The Rittenhouse Review

A Philadelphia Journal of Politics, Finance, Ethics, and Culture

Wednesday, May 05, 2004  

Together With Miscellany: May 5, 2004

Prisoner Abuse in Iraq
Iraqi Recounts Hours of Abuse by U.S. Troops,” by Ian Fisher, the New York Times. Pull quote: “Hayder Sabbar Abd spoke with no particular anger at the American occupation, though he has seen it closer than most Iraqis. In six months in prisons run by American soldiers, in fact, he said most of them had treated him well and with respect. ‘Most of the time, they wouldn't even say, “Shut up,”’ he said. That changed in November -- he does not know the exact date -- when punishment for a prisoner fight at Abu Ghraib degenerated into torture. That night, he said, he and six other inmates were beaten, stripped naked (a particularly deep humiliation in the Arab world), forced to pile on top of one another, to straddle one another’s backs naked, to simulate oral sex. American guards wrote words like ‘rapist’ on their skin with Magic Marker, he said.”

Prisoner-Abuse Probe Widens,” by Peter Grier, Faye Bowers, and Linda Feldmann, in The Christian Science Monitor. Pull quote: “U.S. military officials described the investigations into the affairs as broadening. They acknowledged that one soldier has already been court-martialed for the death of a prisoner, and that they’re considering charges against a CIA interrogator in another. Another 20 deaths and assaults are under investigation, officials said. Ultimately, the cumulative effect of the scandal could do more damage to U.S. purposes in Iraq than the planned actions of an army of anti-American insurgents. Overseas, the abuses make it easier for opponents of U.S. actions to portray the White House as the moral equal of the Saddam Hussein regime. In the US, they may feed the impression among some that the Iraqi action is spiraling out of control. As the investigation into U.S. treatment of detainees widens, any new revelation will be seen in the context created by the horrifying pictures already beamed around the world. Things that might have escaped notice on their own may be judged part of a systemic failure. ‘There is no reason why a lot of heads shouldn’t roll here,’ says Pat Lang, former head of Middle East intelligence at the Defense Intelligence Agency.”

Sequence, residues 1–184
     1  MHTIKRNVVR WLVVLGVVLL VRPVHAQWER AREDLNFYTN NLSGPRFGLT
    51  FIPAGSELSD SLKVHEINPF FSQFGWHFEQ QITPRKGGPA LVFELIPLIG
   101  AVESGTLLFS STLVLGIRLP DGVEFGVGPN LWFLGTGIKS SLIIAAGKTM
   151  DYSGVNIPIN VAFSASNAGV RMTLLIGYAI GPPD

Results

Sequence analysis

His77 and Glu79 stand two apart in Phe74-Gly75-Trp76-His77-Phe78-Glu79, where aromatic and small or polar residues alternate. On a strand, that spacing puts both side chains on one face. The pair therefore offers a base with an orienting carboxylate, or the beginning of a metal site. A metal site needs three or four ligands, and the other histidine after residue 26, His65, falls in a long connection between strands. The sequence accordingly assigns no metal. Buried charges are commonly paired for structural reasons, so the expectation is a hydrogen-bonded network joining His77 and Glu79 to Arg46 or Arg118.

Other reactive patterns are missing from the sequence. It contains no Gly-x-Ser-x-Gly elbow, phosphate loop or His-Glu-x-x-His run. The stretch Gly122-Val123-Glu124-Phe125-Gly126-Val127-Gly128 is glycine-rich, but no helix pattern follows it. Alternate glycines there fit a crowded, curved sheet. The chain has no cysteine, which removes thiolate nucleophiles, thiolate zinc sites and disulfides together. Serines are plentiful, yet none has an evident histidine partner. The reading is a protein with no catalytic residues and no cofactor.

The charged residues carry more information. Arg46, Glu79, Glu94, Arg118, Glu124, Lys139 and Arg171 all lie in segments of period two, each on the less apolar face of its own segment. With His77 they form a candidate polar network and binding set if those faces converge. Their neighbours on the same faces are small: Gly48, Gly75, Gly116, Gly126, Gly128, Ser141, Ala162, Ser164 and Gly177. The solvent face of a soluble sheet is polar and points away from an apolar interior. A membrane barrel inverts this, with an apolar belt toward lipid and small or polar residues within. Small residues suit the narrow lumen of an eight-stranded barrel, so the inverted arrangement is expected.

Counting the Dead
The toll of Americans killed in Iraq since the start of the Bush administration’s insanity-driven invasion now totals 747. The New York Times has the names of the latest 13 deaths: Michael C. Anderson, 36; Ervin Caradine Jr. , 33; Trace W. Dossett, 37; Jeremy L. Drexler, 23; Robert B. Jenkins, 35; Ronald A. Ginther, 37; Joshua S. Ladd, 20; Scott R. McHugh, 33; Todd E. Nunes, 29; Ramon C. Ojeda, 22; Kendall Thomas, 36; John E. Tipton, 32; and Oscar D. Vargas-Medina, 32.

At age 40, I am older than every one of these men. I’m old enough to be the father of at least two of them. What a mess. What a waste.

Snubbing the Nuts at Little Green Snotballs
Robert Scheer on American troops abusing Iraqi prisoners.

Recovering at Ground Zero
Construction on New Trade Center Tower to Begin on July 4,” by Maria Newman, the New York Times. “Construction of Freedom Tower, the office high rise at the site of the World Trade Center that its developers say will be the world’s tallest building, will break ground on July 4, Gov. George E. Pataki [(R-N.Y.)] said today.”

Degenerating Editorialists
The New York Times has the resources and the audience to produce the best op-ed page in journalism. For some reason, the paper chooses not to do so. Today the page offers its all-too-common second-rate commentary from regulars Nicholas Kristof, “Those Friendly Iranians”; and William Safire, the best friend and mouthpiece war criminal Ariel Sharon ever had: “The Comeback Likudnik.”

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